walking tour Archive

Machu Picchu’s Story in Stone

WRITTEN BY: MEGAN KOPP Disclosure: This post may contain Affiliate Links. Sitting in the Vilcabamba mountain range of Peru, perched high above the Vilcanota River, is a sacred place. They call it Machu Picchu. Viewed from above it looks like a great bird – like a condor –  turning in full flight. Up close, it

The Wild Side of Machu Picchu

WRITTEN BY: MEGAN KOPP Disclosure: This post may contain Affiliate Links. Machu Picchu – architectural wonder, Inca monument, historic gem. All are fitting descriptions for this fortress carved of stone, but I’m going to detour for a moment and take you along for a walk on Machu Picchu’s wild side. Discovering Machu Picchu’s Wild Things

All Aboard for Lizard Land in the Galapagos

WRITTEN BY: MEGAN KOPP Disclosure: This post may contain Affiliate Links. A ship, a ship – we have a ship. The Monserrat waits patiently in the harbour for us to board. Our Galapagos boat adventure is about to begin. It’s all aboard for lizard land. The Galapagos Name Game Okay, maybe lizard land isn’t the

Barkerville, B.C. – A Grave History

Written by: Megan Kopp At its peak in the 1860s, the gold mining town of Barkerville, B.C. was the biggest thing west of Chicago and north of San Francisco. The ghost town today sees a mere fraction of the number of people that once clomped along the wooden sidewalks off Williams Creek in the foothills

What a Rush: Barkerville, B.C.

WRITTEN BY: MEGAN KOPP Most people have heard of the California ‘49ers. Many know of the Klondike stampeders heading up to the Yukon in 1898. But what about the gold fever surrounding Barkerville, British Columbia? It lies smack dab in the middle of the western gold rush timeline. Connecting to the Past I have three

Towers and Forts: An Irish Treasure Hunt

WRITTEN BY: MEGAN KOPP We often travel a route with the map in hand and randomly choose short historic side trips to investigate while on the way to our actual destination. Sometimes, it’s a wild goose chase. Other times, it’s a treasure hunt that leads to such beauties as the Ring of Kerry’s Staigue Fort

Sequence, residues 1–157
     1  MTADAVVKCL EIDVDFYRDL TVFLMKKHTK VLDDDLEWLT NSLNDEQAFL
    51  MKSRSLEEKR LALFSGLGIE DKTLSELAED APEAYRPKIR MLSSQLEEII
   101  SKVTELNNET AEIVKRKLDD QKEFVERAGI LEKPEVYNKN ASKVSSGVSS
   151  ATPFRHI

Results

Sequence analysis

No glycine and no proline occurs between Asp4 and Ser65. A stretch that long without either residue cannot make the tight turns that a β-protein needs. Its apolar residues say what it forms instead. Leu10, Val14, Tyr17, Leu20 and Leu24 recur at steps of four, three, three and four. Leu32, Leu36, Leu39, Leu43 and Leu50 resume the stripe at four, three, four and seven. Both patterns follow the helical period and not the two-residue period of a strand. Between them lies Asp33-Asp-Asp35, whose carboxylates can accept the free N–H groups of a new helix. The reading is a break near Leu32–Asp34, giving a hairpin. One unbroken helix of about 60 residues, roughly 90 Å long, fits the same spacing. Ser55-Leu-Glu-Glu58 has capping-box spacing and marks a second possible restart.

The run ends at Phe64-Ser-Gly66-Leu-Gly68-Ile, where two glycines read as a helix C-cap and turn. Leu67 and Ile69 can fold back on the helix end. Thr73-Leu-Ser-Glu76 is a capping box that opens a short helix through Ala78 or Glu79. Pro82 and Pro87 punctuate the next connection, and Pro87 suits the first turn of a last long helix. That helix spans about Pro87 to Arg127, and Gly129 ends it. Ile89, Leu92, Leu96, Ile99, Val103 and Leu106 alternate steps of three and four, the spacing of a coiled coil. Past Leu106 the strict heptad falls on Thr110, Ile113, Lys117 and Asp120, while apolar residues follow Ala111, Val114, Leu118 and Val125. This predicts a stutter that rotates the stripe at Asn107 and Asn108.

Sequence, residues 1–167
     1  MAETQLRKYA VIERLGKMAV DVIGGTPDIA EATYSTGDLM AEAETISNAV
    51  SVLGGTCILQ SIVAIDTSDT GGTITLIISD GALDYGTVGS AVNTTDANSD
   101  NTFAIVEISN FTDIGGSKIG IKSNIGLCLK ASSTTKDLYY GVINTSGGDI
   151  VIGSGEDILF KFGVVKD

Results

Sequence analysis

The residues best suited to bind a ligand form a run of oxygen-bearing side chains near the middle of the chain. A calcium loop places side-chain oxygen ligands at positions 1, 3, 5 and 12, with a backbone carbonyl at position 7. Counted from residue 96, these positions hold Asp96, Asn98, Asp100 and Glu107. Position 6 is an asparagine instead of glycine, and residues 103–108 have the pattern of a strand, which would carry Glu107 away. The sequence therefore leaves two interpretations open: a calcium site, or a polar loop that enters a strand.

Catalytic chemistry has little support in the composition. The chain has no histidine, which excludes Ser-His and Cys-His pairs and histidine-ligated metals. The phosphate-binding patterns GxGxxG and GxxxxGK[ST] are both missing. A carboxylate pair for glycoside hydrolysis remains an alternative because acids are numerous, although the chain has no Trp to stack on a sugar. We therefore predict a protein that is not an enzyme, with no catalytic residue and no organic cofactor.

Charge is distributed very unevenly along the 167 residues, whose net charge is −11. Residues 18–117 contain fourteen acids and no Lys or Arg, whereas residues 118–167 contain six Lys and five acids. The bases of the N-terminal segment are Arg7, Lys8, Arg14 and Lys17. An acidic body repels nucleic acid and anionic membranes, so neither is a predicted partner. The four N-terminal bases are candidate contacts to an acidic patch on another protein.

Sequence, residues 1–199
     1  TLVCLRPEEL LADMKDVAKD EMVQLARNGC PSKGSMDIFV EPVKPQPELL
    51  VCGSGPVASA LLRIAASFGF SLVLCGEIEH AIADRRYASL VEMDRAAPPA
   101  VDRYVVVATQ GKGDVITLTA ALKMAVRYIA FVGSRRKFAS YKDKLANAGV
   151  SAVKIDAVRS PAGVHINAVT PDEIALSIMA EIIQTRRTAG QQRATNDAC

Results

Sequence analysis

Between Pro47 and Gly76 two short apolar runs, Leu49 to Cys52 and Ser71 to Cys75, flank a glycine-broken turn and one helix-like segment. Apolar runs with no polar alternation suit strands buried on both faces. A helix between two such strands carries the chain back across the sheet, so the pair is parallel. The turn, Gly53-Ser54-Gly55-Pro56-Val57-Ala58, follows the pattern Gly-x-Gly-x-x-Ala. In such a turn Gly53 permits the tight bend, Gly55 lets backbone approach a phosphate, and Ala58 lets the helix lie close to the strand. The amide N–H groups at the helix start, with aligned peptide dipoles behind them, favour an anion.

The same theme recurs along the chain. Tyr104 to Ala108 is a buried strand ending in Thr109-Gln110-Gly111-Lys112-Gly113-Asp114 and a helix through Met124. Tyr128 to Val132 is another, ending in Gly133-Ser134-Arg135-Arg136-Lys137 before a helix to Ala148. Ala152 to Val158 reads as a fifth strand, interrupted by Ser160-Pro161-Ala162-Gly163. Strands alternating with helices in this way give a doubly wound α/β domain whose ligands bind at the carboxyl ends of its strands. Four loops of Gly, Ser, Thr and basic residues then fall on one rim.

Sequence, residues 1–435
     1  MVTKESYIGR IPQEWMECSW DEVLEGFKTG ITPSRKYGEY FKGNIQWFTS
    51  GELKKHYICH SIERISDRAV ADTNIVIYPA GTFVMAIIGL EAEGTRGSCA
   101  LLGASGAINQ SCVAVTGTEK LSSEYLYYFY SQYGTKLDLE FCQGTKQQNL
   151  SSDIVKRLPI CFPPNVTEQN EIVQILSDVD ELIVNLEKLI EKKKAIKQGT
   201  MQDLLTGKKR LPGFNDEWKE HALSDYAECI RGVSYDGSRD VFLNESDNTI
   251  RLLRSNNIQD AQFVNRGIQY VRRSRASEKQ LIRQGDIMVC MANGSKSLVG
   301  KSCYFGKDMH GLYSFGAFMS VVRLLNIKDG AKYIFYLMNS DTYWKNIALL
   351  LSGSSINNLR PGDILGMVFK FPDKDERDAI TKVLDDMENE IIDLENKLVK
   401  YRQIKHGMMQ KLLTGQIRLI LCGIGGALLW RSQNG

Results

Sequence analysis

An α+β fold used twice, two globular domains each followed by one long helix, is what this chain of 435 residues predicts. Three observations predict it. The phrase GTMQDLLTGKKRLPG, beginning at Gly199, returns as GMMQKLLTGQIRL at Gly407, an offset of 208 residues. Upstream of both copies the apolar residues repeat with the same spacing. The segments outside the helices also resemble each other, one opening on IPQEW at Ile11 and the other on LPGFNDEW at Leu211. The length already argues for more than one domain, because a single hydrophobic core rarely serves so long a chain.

Ireland’s Skellig Michael: A Storied Past

WRITTEN BY: MEGAN KOPP Somewhere between the 6th and 8th centuries, a group of monks sought an isolated locale to practice their religion. They found Skellig Michael. Skellig come from Sceillic, which means steep rock. Over the next 500 years these Christian monks would develop a precipitous monastic complex that boggles the mind. Perched on a

Ireland’s Trim Castle

WRITTEN BY: MEGAN KOPP Trim – the word sounds precise, with little excess. Trim Castle – on the River Boyne – is just the opposite. It is the largest Normandy castle in Ireland. Historic stone structures always draw my attention and Trim was no exception. We had to stop and take a look. Arriving too late in the

Getting to Know Guinness: Going to the Source in Dublin, Ireland

WRITTEN BY: MEGAN KOPP You can’t go to Dublin and not have a pint of Guinness. It would be like going to Italy and not eating pasta or visiting California’s Napa Valley and not having a sip of wine. St. Jame’s Gate I decided my first taste of the dark brew should be as close to the

The Stone Circles of Cork & Kerry, Ireland

WRITTEN BY: MEGAN KOPP Think Celtic stone circle and what comes to mind? Most likely it’s Stonehenge – the granddaddy of all stone circles. Rings of standing stones are more common in the land of the Celts than you’d think. There are somewhere in the neighbourhood of 235 stone circles in Ireland. Almost half of these